A new oral therapy for prostate cancer, abiraterone acetate (Zytiga), has been approved by the European Commission, after an accelerated review by the European Medicines Agency.
In April this year abiraterone was fast-tracked for FDA-approval for use in the United States. Yet despite the fact that the drug was invented by British scientists it has not been sanctioned for use in the UK. However, following public calls from a number of leading prostate cancer specialists – notably Consultant Urologist Professor Roger Kirby – the new life-extending prostate cancer pills have now been ratified for use across Europe, and are expected be passed by the National Institute for Health and Clinical Excellence (NICE) in the UK shortly.
This is very good news – abiraterone will offer an extended lifeline for many prostate cancer sufferers. Whilst it is imperative that new drugs are not rushed through regulatory processes without due diligence, it is equally important that the prospects of British prostate cancer patients are not held hostage to needless bureaucracy. We hope abiraterone will be available in the UK in the not too distant future.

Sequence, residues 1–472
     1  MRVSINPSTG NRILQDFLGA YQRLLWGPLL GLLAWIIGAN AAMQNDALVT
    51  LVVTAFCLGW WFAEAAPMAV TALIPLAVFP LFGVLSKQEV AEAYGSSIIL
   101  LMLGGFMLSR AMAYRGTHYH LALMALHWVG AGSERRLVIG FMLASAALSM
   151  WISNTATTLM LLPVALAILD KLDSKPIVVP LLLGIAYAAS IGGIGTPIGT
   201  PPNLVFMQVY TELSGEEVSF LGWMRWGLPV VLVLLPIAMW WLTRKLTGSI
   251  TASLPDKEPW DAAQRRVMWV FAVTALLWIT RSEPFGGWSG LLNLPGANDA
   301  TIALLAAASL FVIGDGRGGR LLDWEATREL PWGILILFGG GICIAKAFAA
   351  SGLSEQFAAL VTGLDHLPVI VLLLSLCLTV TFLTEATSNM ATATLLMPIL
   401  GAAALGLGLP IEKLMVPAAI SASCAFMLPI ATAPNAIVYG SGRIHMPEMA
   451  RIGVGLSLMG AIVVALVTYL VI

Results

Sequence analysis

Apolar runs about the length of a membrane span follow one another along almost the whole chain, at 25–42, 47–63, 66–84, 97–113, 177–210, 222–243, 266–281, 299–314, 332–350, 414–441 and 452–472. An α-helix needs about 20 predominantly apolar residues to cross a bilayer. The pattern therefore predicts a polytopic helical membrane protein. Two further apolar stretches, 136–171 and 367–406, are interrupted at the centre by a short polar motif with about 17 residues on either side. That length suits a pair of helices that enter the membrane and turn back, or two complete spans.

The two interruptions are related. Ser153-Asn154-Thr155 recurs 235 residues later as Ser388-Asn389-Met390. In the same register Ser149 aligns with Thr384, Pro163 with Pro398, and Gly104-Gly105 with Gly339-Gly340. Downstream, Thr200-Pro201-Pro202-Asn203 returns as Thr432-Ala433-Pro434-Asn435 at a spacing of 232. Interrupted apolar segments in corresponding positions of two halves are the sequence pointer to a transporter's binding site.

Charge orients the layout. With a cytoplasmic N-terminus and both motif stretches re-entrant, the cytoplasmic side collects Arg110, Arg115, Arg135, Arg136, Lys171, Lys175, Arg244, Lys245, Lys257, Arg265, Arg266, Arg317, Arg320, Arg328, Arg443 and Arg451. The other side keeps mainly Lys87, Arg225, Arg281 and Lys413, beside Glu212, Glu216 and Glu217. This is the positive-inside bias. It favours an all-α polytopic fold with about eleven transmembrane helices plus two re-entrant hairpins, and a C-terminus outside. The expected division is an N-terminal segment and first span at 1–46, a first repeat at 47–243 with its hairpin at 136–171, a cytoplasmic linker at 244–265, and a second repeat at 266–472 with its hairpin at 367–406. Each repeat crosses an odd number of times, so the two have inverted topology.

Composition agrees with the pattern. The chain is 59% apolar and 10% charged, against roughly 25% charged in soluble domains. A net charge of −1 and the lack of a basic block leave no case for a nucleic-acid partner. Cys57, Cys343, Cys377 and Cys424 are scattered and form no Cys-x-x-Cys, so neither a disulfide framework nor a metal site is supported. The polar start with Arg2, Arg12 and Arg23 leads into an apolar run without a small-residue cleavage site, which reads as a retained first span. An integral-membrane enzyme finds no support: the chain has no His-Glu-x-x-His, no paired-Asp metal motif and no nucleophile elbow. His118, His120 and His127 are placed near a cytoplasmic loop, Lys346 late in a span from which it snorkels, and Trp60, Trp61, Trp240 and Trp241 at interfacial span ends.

Patients with late-stage prostate cancer have until recently had few treatment options, but the therapeutic landscape has changed markedly in the last couple of years with a range of treatment options including abiraterone and alpharadin – another new drug that has recently been clinically-proven to improve prostate cancer survival rates. Alpharadin is currently under review by the FDA and is anticipated in the UK in the near future.
The UK offers some of the best treatment capabilities in the world. However, it is the responsibility of the NHS and private health clinics to ensure that this remains the case. With Britain’s continued investment into cancer research, together with the sterling work done by the prostate charities, the UK will continue to offer patients ever-improving prospects for cancer survival.
Abiraterone is the first oral drug that inhibits androgen production, blocking the synthesis of testosterone at 3 different sources of the hormones – the testes, adrenal glands, and the tumour tissue itself. It works by inhibiting the CYP17 enzyme complex, which is involved in the production of androgens.